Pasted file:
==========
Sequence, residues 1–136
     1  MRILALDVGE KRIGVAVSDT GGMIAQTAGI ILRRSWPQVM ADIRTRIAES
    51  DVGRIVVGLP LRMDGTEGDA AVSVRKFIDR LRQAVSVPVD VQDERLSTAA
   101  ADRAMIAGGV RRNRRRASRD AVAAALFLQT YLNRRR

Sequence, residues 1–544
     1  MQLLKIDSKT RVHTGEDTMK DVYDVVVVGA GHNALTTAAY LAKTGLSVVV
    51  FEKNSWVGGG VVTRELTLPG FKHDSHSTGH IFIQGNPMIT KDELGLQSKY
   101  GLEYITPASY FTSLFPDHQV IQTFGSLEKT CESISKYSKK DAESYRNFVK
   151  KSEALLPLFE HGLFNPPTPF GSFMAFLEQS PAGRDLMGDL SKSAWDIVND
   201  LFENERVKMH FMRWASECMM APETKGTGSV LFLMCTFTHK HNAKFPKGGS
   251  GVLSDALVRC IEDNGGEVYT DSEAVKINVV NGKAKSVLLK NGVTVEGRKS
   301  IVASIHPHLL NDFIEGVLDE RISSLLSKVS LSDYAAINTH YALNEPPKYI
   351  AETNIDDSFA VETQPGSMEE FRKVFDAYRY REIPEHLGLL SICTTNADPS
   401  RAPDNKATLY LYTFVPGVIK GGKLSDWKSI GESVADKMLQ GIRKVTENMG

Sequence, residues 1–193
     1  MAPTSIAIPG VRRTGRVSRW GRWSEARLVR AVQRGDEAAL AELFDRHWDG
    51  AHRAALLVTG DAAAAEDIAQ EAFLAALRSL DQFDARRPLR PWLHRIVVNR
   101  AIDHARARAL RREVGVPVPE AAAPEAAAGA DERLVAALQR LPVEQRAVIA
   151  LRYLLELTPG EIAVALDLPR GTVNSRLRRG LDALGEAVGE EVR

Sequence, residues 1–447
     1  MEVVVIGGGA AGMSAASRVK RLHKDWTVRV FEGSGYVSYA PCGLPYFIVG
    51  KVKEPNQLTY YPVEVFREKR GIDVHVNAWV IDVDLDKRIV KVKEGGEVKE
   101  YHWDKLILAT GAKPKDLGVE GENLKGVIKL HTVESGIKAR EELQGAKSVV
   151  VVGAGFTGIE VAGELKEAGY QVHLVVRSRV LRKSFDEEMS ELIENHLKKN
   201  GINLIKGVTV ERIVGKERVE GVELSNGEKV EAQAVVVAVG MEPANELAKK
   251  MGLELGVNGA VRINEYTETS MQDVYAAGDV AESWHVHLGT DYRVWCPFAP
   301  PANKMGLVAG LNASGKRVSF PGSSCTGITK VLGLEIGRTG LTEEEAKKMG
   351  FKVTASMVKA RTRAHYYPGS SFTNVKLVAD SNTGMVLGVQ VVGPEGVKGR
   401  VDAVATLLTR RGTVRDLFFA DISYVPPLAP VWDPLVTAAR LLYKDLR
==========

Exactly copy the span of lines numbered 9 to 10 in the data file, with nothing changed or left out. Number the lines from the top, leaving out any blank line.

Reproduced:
   151  KSEALLPLFE HGLFNPPTPF GSFMAFLEQS PAGRDLMGDL SKSAWDIVND
   201  LFENERVKMH FMRWASECMM APETKGTGSV LFLMCTFTHK HNAKFPKGGS